The Education Act Tax Resistance Campaign: April 1904

We’re now in of our survey of the newspaper coverage of the “passive resistance” campaign against taxpayer-funded sectarian education in Britain.

To start off with, a brief article from the Gloucester Citizen:

Passive Resistance.

M.P.’s Presentation Watch Sold.

Among the goods disposed of on at a sale of effects seized from passive resisters at Tettenhall was a gold presentation watch belonging to Mr. C.E. Shaw, M.P. for Stafford. The watch was purchased by Mr. Shaw’s coachman for £7.

The Bishop of Bath and Wells published a compromise proposal in the London Times — something similar to the “peace tax fund” proposal that often gets floated in war tax resistance circles:

  1. Let a clearing house (of the nature of a railway clearing house) be established in connection with the Board of Education.
  2. To this clearing house let every county and local authority notify with regularity the amount of rate it is intending to levy for primary schools; specifying how much of this is required for provided or Council schools, and how much for non-provided or voluntary schools.
  3. Let each ratepayer who is conscientiously opposed to paying any rate towards the support of voluntary schools be allowed (on making a declaration to this effect) to earmark his rate “for the support of provided schools only.”
  4. Let the amount thus earmarked be notified also to the clearing house.
  5. An adjustment of the rates levied in different localities can be easily made at the clearing house; so that, however numerous might be the strained consciences in some districts, a transference of rate-payers’ money not so earmarked would prevent any difficulties being experienced.

The Manchester Courier, and Lancashire General Advertiser noted the summons of 24 resisters in Keighley, including “three ministers, two ex-mayors and magistrates, and a Parliamentary candidate.”

Finally, The Hastings and St. Leonards Observer, in its edition, covered a local passive resistance movement rally. Excerpts:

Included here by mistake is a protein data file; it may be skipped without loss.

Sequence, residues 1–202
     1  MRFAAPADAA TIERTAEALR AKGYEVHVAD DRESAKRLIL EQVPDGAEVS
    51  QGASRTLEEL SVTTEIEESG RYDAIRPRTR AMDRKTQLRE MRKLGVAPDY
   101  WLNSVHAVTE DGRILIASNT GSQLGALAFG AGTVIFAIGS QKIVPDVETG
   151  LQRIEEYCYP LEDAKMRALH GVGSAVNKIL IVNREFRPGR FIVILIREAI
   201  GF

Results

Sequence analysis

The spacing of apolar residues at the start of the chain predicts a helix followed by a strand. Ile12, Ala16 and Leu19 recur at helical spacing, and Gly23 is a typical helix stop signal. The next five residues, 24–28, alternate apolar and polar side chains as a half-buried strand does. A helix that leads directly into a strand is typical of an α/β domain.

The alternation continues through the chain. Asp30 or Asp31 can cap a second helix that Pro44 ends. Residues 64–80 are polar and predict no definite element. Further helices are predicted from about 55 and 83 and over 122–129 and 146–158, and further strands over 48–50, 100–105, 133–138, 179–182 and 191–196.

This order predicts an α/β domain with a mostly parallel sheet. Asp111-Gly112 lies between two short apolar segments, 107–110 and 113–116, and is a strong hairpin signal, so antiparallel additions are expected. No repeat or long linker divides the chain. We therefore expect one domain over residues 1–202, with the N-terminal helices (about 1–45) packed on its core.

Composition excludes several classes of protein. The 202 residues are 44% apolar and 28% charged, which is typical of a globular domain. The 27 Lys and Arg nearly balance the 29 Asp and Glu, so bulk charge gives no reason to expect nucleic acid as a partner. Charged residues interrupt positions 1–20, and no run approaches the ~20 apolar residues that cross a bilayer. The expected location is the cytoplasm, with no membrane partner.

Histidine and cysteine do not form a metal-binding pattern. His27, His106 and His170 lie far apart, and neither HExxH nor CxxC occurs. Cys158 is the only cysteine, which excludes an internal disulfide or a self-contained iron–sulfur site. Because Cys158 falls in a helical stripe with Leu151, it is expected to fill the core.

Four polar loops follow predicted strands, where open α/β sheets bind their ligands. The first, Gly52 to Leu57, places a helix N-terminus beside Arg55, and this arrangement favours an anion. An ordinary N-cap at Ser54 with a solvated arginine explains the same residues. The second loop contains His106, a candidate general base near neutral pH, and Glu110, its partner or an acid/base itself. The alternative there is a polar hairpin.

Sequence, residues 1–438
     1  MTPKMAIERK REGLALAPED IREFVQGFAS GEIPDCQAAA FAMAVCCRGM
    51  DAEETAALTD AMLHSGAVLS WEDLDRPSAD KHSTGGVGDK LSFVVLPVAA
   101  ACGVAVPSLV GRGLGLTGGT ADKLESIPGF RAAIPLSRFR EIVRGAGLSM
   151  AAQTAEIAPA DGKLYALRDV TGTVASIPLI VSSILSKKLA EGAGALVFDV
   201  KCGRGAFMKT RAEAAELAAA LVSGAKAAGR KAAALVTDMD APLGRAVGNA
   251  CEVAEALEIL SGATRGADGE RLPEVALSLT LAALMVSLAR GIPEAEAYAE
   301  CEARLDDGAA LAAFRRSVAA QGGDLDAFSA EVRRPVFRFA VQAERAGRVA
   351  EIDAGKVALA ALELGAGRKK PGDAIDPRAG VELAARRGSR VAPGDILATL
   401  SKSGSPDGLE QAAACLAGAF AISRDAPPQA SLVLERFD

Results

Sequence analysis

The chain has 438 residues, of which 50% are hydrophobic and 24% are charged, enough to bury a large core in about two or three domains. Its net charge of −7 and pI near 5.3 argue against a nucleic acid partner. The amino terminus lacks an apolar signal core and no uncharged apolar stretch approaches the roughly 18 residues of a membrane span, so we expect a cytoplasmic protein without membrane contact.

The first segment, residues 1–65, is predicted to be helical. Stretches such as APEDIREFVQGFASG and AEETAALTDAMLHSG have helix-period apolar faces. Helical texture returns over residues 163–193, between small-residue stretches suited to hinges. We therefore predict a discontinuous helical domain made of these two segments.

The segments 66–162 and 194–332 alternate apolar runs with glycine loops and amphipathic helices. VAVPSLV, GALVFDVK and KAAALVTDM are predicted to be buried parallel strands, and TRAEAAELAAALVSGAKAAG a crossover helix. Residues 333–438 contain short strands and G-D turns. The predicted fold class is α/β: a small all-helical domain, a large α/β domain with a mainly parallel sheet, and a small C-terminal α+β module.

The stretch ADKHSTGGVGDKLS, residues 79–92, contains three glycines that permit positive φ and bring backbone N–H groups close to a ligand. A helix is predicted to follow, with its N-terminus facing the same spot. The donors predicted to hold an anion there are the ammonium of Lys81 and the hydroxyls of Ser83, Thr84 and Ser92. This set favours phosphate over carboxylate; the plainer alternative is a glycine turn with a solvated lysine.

Passive Resisters.

Assemble at the Royal Concert Hall.

Mr. New Declares the Cause Is Advancing by Leaps and Bounds

The Act Must Be “Mended or Ended.”

“Take Joseph Chamberlain’s Life!”

Fiery Political Oratory.

The local Passive Resisters held a public meeting at the Royal Concert Hall on . There was a large attendance. Three most eloquent speakers orated, but the gathering could hardly be compared with the Resistance Demonstration held , just after the first sale of goods seized in respect to non-payment of rates by Resisters.

…Ladies predominated alike on the platform and in the body of the hall.

The Chairman [Rev. C. New]… congratulated them once more on that large gathering, and he felt it was rather remarkable that whenever they had a meeting on the Education Act they could easily fill the largest building in the town, and this was one of the proofs of the very strong hold the movement had on the sympathies and interest of the general public. (Hear, hear.)… [T]hey could congratulate themselves on the persistent, unbroken progress of the movement, though some persons, who only read the Times and the Daily Telegraph, and never saw those papers which recorded the actual facts, might say otherwise. They would learn from the latter that there were bound up in the movement 20,000 men and women: then they had what was going on in Wales under Mr. Lloyd George — (cheers) — and as soon as ever the London Council issued the demand note in connection with the administration of the London Act the number of Resisters would be increased by 10,000.… Within one hour of that building, and they knew their local trains did not take them very far in an hour — (laughter) — while on one side they had the sea, they had no less than ten strong and determined Passive Resisters’ centres. (Hear, hear.) In their own town he was glad and proud to say that the number of Resisters had during increased by about 60 per cent., or rather more than that. They had had serious losses through migrations from the town, but he was thankful to say he did not know of any backslider or of anyone who was less determined than ever he was to refuse to pay the rate. (Cheers.)… One warning he would give with regard to possible danger: they were hopeful of the result, being confident that they were on the winning side, and they did so, not simply because of the signs they saw but because they were convinced they were on the right side. (Hear, hear.) But they must mark the fact that the victory was not yet won, it was by no means won: the end might be a great deal further off than they were apt to suppose, and it was imperative that they should steadfastly persist. They might be sure that the victory could never be won by half-heartedness, or spasmodic effort, or by occasional impulsive energy, but only by strong, persistent, unconquerable conviction. They could not afford to relax their vigilance in the slightest degree, or to leave undone anything that could be done. If they persisted they would win; but if they failed to persist the prospect of victory would vanish. (Cheers.)